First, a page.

6. Red Fox
The red fox (Vulpes vulpes) is not unique to Japan by any means, having a range that includes most of the Northern Hemisphere, as well as being an invasive species in Australia. There are two subspecies in Japan: Vulpes vulpes japonica, found throughout Japan, and Vulpes vulpes schrencki found on Hokkaido. In Japan, the fox attains mystical status as a kitsune spirit, capable sometimes of assuming human form. The kitsune fox spirits were associated with the Shinto god of rice, Inari, who is sometimes also depicted in fox form.
5. Red Squirrel
Although this guy's habitat ranges from as far west as the British Isles all the way east to Japan, I still included it on this list because I love the cute long ears distinguishing it from the squirrels we have here in America.
4. Ezo Fukuro
"Ezo" meaning "Hokkaido" and "fukuro" being the Japanese word for owl, this owl, also known as the Ural owl, lives in Hokkaido and Russia, stretching West into Scandanavia as well. It's calls are written as "Hoh-hoh, Guruk Hoh-hoh", making me wonder if perhaps they named the little owl-like Pokemon Hoothoot "Ho-Ho-" in Japanese for this reason. It is not considered threatened or endangered, but might be hard to spot in the snowy forests it inhabits.
3. Tsushima Leopard Cat and Iriomote Cat
Both the Iriomote Cat and Tsushima Leopard Cat are subspecies of the same species, leopard cats. These cats are small, about house-cat sized, and their range stretches across southeast Asia. However, in Japan, they're only found on the islands of Iriomote and Tsushima. While the leopard cat in general isn't threatened or endangered, the Japanese subspecies of these cats are in more trouble, with the Tsushima leopard cat being endangered. In China, leopard cats are threatened by the fur trade. In anime, these cats are part of the inspiration for the characters and plot of the manga-turned-anime Tokyo Mew Mew.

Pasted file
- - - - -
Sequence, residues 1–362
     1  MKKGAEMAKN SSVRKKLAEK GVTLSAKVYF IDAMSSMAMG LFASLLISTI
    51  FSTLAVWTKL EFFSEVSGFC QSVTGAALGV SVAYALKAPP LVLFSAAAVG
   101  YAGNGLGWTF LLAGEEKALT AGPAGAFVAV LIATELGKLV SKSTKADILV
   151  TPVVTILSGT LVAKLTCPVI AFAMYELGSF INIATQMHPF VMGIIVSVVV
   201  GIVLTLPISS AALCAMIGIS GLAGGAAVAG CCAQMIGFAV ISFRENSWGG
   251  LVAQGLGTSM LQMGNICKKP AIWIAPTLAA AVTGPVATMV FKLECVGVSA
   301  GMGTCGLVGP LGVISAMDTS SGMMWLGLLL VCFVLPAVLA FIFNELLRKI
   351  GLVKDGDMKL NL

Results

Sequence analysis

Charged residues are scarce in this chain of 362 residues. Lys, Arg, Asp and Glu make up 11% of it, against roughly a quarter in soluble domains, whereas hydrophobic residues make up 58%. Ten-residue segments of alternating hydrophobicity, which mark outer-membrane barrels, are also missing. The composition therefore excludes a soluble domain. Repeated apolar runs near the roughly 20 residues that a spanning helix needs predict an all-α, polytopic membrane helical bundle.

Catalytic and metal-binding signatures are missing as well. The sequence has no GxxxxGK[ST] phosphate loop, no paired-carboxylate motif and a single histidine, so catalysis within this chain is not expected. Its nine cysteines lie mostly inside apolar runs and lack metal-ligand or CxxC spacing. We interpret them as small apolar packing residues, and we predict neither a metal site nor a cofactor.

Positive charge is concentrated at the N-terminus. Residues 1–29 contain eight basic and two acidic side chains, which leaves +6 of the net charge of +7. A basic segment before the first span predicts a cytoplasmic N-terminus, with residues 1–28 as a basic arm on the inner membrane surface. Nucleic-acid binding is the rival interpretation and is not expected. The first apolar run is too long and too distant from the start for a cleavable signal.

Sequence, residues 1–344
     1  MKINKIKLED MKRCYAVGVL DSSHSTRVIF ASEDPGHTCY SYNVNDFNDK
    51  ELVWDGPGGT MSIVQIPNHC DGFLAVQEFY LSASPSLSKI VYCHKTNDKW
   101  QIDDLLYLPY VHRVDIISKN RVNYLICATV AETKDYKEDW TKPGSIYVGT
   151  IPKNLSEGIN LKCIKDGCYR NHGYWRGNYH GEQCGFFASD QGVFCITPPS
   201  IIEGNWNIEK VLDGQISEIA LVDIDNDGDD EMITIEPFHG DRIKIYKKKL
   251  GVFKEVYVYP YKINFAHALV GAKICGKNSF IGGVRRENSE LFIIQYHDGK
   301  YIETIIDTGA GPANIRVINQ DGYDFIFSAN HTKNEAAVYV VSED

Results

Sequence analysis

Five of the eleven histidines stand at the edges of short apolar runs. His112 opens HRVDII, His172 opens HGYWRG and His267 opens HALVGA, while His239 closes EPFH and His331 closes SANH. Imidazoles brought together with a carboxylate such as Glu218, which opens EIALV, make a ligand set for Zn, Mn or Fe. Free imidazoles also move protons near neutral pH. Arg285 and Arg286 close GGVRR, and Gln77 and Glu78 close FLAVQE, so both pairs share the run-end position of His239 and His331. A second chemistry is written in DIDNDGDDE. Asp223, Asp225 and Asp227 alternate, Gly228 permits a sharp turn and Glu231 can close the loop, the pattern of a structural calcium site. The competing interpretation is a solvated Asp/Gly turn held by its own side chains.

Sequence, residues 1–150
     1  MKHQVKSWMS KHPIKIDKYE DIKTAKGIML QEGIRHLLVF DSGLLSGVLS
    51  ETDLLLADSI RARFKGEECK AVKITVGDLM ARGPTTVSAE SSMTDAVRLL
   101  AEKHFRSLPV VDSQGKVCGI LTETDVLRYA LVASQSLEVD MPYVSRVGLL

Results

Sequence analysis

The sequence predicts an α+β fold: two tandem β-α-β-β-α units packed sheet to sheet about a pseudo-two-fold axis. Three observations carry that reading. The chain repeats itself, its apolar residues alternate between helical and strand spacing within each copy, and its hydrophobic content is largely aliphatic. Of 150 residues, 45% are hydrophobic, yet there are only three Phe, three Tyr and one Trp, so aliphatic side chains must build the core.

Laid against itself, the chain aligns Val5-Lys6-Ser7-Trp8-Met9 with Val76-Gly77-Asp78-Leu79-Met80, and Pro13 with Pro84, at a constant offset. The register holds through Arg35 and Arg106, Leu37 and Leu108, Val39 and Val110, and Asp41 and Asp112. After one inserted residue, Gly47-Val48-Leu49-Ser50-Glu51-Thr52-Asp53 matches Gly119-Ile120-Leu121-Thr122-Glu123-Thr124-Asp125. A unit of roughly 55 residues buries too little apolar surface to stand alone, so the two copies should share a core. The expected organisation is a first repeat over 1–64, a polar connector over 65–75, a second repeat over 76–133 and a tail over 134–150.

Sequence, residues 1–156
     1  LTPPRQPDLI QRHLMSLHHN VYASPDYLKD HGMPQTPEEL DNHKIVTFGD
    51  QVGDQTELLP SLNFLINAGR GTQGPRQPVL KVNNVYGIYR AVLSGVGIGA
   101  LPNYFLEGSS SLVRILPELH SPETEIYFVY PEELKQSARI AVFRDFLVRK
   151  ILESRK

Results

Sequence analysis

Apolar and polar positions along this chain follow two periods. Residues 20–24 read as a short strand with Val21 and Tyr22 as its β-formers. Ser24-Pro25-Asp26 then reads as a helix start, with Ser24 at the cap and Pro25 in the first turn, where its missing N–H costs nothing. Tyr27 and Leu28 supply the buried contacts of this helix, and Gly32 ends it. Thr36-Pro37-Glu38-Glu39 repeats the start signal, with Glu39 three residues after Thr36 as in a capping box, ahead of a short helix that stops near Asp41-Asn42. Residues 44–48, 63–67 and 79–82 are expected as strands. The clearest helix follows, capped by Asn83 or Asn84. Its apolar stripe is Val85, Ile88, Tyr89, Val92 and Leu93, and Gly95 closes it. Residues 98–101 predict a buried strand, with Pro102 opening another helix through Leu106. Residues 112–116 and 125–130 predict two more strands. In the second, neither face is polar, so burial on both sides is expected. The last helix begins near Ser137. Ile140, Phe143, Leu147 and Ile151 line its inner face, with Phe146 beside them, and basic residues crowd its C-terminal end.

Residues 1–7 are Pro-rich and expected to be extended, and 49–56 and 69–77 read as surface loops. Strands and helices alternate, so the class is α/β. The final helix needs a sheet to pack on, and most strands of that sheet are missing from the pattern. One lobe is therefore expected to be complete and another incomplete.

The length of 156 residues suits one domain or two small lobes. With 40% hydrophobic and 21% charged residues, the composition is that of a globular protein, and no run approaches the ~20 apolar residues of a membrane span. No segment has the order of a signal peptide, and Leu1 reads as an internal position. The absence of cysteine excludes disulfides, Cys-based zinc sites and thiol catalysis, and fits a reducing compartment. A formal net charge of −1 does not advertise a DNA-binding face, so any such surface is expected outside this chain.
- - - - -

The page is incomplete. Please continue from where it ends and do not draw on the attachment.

Also called the Japanese Raccoon Dog, this animal shows up in a lot of Japanese folklore, art, anime, manga, and video games, such as the shopkeeper in the Animal Crossing series. Although it resembles a raccoon, so the word "tanuki" is often translated as raccoon, they are not the same as the North American raccoon. In most Japanese tales, the tanuki are playful tricksters, often deceiving humans to try and make them look foolish.
1. Ezo Momonga
Also known as the Nihon Momonga, it's name means Hokkaido (or Japan) dwarf flying squirrel. There is a bigger flying squirrel in Japan, but I love the little guy for his big, round, cute eyes. It almost looks like something that came out of a manga or Japanese video game. This critter can be found all over Japan and likes to live in little nooks inside trees.
Conclusion and Honorable Mentions
There are many other animals I liked that didn't quite make the cut, such as the brown bear, weasel, stoat/ermine, wild boar, etc. Some of these I just think of as too mundane, living in North America as well as Japan, others I didn't think were as cute as some of the ones which made the list. But, suffice to say, Japan is home to an abundance of amazingly cute wild animals.